By Mary Anastasia O’Grady
The Cuban military dictatorship has unleashed three destabilizing rafter crises since taking power in 1959. They occurred in 1965, 1980 and 1994-95, all years when a Democrat was in the White House. During the Obama administration, more than 120,000 Cuban migrants found their way to U.S. ports of entry from 2014-16, mainly via Central America.
There was no attempt by Fidel Castro to flood American shores with desperate balseros during the presidencies of Ronald Reagan, George H.W. Bush or George W. Bush despite their hard-line policies against Cuba. Donald Trump faced caravans arriving at the southern border starting in 2018 but by the end of 2019, the numbers of migrant “encounters” by U.S. Customs and Border Protection had dropped precipitously.
This partisan dichotomy is worth noting in light of the human train-wreck at the southern U.S. border since President Biden took office. Is the migrant crisis merely a spontaneous flood of huddled masses yearning to breathe free, or is it an organized assault on U.S. law and order similar to Castro pranks of old?
Flight data from Venezuela to Mexico collected by the nongovernmental organization Center for a Secure Free Society, or SFS, and interviews the center has done with migrants at the U.S. border suggest the latter. In a paper due out in March, SFS director Joseph Humire presents research to show that Caracas has played a key role in facilitating the migrant spike since 2021.
Using migrants as weapons is essentially an act of war. Yet on Thursday the U.S. announced that it will grant an additional 30,000 visas a month to Venezuelans, Nicaraguans, Cubans and Haitians if they apply from their home countries. Mr. Biden sets a bad precedent in bowing to blackmail as so many of his Democratic predecessors did.
Enemies of Western liberal democracies have a long tradition of sparking migration crises to extract geopolitical concessions from governments that appear vulnerable to extortion. In a 2016 essay in the journal Military Review titled “Migration as a Weapon in Theory and in Practice,” Tufts University political science professor Kelly Greenhill defined the strategy as “coercive engineered migration.”
Weak nations, Ms. Greenhill explained, can capitalize on the desperation of their populations “to achieve political goals that would be utterly unattainable through military means.” Clearly “the idea that states such as Cuba, Haiti, and Mexico could successfully coerce their neighbor, the United States, with the threat of military force is absurd,” Ms. Greenhill wrote. But “the tacit or explicit threat of demographic bombs” to force the U.S. to negotiations, is not. Cuba was successful in this strategy during the presidencies of Lyndon Johnson, Jimmy Carter, Bill Clinton and Barack Obama.
Ms. Greenhill’s essay doesn’t mention Venezuela but in recent years it may have become the most aggressive practitioner of the geopolitical coercion that she described.
Venezuela wants desperately to get out from under U.S. sanctions imposed by the Trump administration and restore its legitimacy. It made progress last year by forcing U.S. talks with dictator Nicolás Maduro to free American hostages and feigning interest in negotiating a return to democracy. But the large numbers of people desperate to leave the country also scream opportunity.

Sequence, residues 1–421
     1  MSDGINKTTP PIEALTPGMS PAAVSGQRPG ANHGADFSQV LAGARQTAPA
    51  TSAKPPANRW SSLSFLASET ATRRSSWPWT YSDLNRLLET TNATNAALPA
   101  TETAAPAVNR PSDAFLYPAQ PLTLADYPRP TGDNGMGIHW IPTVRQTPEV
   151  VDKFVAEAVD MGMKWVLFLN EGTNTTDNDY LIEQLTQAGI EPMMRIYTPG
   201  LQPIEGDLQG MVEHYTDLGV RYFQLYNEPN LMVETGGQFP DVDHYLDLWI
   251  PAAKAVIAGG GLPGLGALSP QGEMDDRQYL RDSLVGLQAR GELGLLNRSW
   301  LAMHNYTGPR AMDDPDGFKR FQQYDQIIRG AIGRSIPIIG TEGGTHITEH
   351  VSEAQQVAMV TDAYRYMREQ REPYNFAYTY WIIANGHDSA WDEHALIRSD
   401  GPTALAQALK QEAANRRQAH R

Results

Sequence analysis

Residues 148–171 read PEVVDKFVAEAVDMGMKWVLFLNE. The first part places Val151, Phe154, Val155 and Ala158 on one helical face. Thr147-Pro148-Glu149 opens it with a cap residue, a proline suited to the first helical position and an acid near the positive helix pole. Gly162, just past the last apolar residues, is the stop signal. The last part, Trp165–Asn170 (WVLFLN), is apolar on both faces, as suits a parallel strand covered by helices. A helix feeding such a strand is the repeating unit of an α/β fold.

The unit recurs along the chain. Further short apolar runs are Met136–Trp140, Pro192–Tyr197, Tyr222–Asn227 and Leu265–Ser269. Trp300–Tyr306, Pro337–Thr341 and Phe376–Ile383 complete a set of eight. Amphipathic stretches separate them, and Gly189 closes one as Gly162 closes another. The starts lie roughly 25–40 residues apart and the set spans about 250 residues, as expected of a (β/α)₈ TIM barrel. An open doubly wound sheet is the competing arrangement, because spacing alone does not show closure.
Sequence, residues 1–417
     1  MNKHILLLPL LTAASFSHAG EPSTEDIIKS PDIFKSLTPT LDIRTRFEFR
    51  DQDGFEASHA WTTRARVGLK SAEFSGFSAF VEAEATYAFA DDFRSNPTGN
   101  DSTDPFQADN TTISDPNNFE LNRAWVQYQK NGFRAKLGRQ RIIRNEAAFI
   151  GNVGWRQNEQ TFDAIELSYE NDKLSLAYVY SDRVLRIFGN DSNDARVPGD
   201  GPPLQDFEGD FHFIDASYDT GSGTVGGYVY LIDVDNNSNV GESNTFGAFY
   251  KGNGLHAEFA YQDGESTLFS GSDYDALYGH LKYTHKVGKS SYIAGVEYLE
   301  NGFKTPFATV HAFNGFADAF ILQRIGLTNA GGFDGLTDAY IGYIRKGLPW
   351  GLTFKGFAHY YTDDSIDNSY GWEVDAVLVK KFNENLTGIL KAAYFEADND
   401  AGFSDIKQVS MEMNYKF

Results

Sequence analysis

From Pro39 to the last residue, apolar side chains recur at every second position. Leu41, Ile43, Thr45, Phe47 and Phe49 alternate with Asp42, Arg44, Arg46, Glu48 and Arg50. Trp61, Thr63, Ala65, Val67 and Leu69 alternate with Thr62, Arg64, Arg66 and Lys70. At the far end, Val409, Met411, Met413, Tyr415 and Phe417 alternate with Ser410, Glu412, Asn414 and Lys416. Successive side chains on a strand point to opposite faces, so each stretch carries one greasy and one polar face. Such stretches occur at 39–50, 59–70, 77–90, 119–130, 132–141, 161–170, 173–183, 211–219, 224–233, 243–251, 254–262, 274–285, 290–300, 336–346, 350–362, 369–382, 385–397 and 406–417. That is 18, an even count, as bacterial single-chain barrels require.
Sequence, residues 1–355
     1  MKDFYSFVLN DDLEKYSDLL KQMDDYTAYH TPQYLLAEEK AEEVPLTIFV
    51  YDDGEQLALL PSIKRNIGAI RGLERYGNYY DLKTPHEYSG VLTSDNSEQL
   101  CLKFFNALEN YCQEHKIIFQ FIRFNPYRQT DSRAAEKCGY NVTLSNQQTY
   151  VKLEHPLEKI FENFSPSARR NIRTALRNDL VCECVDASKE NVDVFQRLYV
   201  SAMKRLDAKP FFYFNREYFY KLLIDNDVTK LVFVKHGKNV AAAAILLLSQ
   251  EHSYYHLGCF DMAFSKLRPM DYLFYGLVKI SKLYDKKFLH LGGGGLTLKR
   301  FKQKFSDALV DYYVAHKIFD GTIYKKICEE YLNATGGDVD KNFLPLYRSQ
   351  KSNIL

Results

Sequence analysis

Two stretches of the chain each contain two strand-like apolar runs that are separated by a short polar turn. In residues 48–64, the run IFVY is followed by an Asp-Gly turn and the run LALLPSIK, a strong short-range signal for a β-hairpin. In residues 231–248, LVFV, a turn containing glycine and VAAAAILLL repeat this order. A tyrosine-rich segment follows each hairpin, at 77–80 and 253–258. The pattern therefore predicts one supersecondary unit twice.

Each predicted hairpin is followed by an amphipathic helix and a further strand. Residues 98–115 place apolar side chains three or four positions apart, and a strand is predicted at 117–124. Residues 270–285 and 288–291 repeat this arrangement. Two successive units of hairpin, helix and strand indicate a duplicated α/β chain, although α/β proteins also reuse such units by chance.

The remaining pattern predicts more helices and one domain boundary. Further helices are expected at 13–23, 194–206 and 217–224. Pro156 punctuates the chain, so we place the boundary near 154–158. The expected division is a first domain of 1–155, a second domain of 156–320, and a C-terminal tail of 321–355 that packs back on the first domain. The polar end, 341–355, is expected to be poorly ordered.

Many migrants are opponents of the regime, and exile is a way of purging dissidents. But it isn’t enough that they leave. Caracas delights in the destabilizing effects of large numbers of migrants on Uncle Sam’s doorstep. Those eventually employed in the U.S. will send back dollar remittances, which will prop up Venezuela’s economy.
Some seven million people have fled Venezuela since 2014, when the economy hit the skids. But in most of those years, migrants went largely to neighboring countries in South America. When Mr. Biden arrived in the White House, things changed.
Mr. Humire told me last week that “immigration agents encountered nearly 190,000 Venezuelans along the U.S.-Mexico border in the latest fiscal year ending September 30, a 375% increase over the previous fiscal year.” Organized crime trafficked many of those people on land but the evidence collected by SFS suggests that it wasn’t without help from Caracas.
According to SFS, in 2021 and 2022 the majority of the direct flights to Mexico from Venezuela were operated by Conviasa, which is subject to U.S. sanctions, or other, smaller state-owned or state-controlled airlines. SFS found that Venezuelans it interviewed at the border, who had arrived in Mexico by air, had purchased packages from Venezuelan travel agents. The packages included the necessary government-issue travel documents to enter Mexico and contacts with human smugglers who facilitated the ground journey to the U.S. border.
Mr. Biden could clamp down on Mr. Maduro’s trafficking network by imposing sanctions on fuel and service providers to the Venezuelan airlines. Instead, he has opted to reward the exploitation of the refugees. Problem not solved.
Write to O’Grady@wsj.com.
Mary Anastasia O’Grady is an Opinion Columnist, writes “The Americas,” a weekly column on politics, economics and business in Latin America and Canada that appears every Monday in the Journal. Ms. O’Grady joined the paper in August 1995 and became a senior editorial page writer in December 1999. She was appointed an editorial board member in November 2005. She is also a member of the board of directors of the Indianapolis-based Liberty Fund. Energiesnet.com does not necessarily share these views.
Editor’s Note: This article was originally published by The Wall Street Journal (WSJ), on January 8, 2022. All comments posted and published on Petroleumworld, do not reflect either for or against the opinion expressed in the comment as an endorsement of Petroleumworld.
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